Moving on to the Senate itself, The Daily Signal reports on Monday that there was no deal to be struck on the Patriot Act, meaning that the NSA’s data collection program expired at midnight on the 1st. They say that the legislation was primarily blocked by Senator Rand Paul (R-KY) who opposes the government’s collection of telephone records. By Tuesday, though, according to Crooks & Liars the Senate was able to pass the House’s USA Freedom Act, which places restrictions on the NSA’s collection of data, much to the chagrin of the Senate Majority Leader, Mitch McConnell who had been pushing for a full reauthorization. Monkey Cage, meanwhile, cautions us that the Senate did not really do a great deal to curb the government’s metadata collection, arguing that the new bill will expand the government’s ability to analyze the data it does collect.
Foreign policy, defense and trade
Picking up on the role of the Patriot Act in the fight against terrorism, Informed Comment argues this week that it was actually more about spying on people and violating their civil liberties than keeping them safe.
Why has the U.S. stopped winning wars? The Atlantic looks at this question, writing that its losses are not for lack of power, but more because conflicts have moved from being between countries to within them.
This week, The American Interest wonders if China takes the U.S. seriously, after the recent war of words over China’s increased presence in the South China Sea. They say that the dangerous situation in that region is the result of years of broken promises and idle threats from the U.S., and that it must ensure that its words and guarantees are credible.
On Tuesday, White House Dossier argues that Secretary of State, John Kerry should be removed from the current negotiations in Iran after he broke his leg whilst cycling in the French Alps. Still on Iran, Informed Comment says that those in the U.S. who want to bomb the country, such as hard-line Senator Tim Cotton (R-AR) are gearing up to influence the 2016 election and to as well as the current negotiations.
Obamacare and health policy
In a few weeks’ time, the Supreme Court will rule on the King v. Burwell case which covers the tax credits provided by the Affordable Care Act to those who get health insurance on Obamacare’s federal exchanges. Monkey Cage argues that if the GOP wins the case – and the tax credits are thrown out – then they will be the losers, as 9 million people will lose their tax credits in states controlled by Republicans. If they are successful in their Supreme Court challenge, the GOP will have to propose some kind of amendment or alternative to Obamacare. The Hill’s Congress blog says that many Congressional Republicans who oppose Obamacare have a conflict of interest in that they (and their staff) enjoy similarly contested Obamacare subsidies.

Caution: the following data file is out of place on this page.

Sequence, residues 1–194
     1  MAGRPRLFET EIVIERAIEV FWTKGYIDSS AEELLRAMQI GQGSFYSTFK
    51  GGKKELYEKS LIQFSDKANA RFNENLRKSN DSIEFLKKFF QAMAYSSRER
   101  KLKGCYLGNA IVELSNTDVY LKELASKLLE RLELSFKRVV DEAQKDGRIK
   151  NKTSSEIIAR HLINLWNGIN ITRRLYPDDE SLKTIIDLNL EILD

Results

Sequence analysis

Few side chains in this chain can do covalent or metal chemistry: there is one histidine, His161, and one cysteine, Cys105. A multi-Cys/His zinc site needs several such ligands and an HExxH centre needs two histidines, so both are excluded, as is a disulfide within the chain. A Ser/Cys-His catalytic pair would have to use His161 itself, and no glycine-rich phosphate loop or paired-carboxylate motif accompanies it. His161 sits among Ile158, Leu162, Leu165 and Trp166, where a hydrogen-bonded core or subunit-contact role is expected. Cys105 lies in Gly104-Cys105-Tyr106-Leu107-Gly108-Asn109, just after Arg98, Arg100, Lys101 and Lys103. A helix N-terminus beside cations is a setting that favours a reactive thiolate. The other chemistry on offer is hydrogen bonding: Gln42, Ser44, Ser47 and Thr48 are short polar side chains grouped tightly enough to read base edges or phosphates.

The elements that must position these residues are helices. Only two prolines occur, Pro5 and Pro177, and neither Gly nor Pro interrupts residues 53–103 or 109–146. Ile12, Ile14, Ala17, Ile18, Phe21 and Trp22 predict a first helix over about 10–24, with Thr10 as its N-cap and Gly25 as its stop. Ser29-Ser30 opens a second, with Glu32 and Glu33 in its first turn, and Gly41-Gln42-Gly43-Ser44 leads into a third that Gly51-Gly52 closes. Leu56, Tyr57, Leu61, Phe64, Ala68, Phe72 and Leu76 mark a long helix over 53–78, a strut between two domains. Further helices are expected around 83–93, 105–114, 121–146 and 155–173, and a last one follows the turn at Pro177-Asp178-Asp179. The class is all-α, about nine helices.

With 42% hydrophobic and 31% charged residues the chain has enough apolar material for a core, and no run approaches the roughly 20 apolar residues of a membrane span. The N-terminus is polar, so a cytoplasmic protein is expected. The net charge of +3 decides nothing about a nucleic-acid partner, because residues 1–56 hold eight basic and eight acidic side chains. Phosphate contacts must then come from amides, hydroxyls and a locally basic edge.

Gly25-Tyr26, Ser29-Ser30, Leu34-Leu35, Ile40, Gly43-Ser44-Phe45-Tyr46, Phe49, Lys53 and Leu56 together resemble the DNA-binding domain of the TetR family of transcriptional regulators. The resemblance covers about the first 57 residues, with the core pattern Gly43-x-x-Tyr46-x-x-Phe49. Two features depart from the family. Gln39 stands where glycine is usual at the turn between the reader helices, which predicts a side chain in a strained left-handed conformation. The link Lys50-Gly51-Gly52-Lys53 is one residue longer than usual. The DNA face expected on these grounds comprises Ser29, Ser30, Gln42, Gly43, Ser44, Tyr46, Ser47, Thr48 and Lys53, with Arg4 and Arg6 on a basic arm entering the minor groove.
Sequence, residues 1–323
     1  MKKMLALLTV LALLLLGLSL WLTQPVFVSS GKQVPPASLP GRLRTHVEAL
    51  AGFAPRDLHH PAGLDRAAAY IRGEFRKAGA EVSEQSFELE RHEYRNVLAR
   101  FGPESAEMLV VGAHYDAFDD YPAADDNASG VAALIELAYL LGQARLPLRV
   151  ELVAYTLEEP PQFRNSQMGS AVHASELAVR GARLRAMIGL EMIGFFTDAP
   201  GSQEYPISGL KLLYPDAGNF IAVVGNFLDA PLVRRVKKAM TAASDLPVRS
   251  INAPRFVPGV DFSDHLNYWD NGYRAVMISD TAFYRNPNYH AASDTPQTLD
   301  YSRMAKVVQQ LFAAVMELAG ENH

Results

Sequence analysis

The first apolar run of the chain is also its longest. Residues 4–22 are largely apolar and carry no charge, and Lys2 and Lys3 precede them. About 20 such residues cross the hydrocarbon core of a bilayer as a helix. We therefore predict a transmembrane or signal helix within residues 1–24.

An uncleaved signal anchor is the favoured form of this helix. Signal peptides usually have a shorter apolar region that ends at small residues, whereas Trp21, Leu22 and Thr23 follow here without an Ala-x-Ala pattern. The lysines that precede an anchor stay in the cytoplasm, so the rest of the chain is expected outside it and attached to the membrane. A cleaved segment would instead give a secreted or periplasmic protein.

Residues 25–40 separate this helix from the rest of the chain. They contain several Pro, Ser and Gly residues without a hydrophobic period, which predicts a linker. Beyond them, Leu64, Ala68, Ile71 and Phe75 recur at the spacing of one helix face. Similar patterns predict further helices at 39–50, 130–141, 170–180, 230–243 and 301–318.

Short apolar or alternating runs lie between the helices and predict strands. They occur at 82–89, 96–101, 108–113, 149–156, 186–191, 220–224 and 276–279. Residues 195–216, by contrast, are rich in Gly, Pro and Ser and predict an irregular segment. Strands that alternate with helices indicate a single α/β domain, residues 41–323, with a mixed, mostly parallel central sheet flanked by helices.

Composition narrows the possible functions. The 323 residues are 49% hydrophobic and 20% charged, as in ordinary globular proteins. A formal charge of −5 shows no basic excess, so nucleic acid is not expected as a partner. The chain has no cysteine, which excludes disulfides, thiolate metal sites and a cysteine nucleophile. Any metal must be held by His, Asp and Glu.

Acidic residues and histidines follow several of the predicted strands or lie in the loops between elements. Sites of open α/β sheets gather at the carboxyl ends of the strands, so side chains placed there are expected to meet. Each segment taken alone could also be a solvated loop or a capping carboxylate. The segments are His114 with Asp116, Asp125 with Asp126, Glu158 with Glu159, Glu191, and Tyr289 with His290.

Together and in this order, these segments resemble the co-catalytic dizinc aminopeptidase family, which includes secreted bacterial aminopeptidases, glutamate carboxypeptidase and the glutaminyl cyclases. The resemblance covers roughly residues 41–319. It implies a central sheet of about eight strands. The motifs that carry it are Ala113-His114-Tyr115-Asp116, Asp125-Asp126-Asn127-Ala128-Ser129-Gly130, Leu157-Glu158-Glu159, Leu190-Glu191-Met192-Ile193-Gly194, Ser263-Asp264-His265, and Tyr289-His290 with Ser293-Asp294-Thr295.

When Obamacare launched towards the end of 2013, many commentators predicted a ‘death spiral’ whereby young and healthy individuals would not sign up, driving up costs for those who needed health insurance the most. The Federalist argues this week that this death spiral may still be on the cards as many insurers are due to raise their premiums in 2016 to make up for profit shortfalls. The American Interest says that many are chafing under the cost of Obamacare already – according to a California study, 44 percent of policyholders are having difficulty affording their premiums.
A key part of the Affordable Care Act is the expansion of Medicaid; with those states that do so being given match funding by the federal government until the end of 2016. At this point, 21 states have not expanded Medicaid – National Journal says that if these states want to benefit from this funding they need to act fast, as after 2016 the match funding rate begins to decline.
The economy and society
This week, The Daily Signal gives 7 ways to roll back the welfare state, which they say are needed because of its massive costs and the fact that it encourages dependency. Their suggestions include repealing Obamacare, introducing means-testing for social security, and increasing federalism.
On Monday Wonkblog says that new data shows that 1 in 13 gun killings are committed by police – with 385 such killings already this year. The Atlantic meanwhile looks at why it is so difficult to track police killings, writing that few local police departments have such statistics that could be put together at the state level.
On Thursday, The Daily Signal says that only 33 cities in the U.S. have recovered from the recession so far, despite unemployment falling to its lowest level since 2008.
Americans are getting more and more pro-choice on abortion, with more than half identifying that way according to a new poll writes Hit & Run.
FreakOutNation says that GOP House Representative Lynn Jenkins (R-KS) has said that her intern who was recently arrested for bringing gun into the U.S. Capitol showed ‘poor judgement’.
Wonkblog has a nifty map of what every state would be if it were a country, based on the size of its economy.
Note: This article gives the views of the author, and not the position of USApp– American Politics and Policy, nor of the London School of Economics.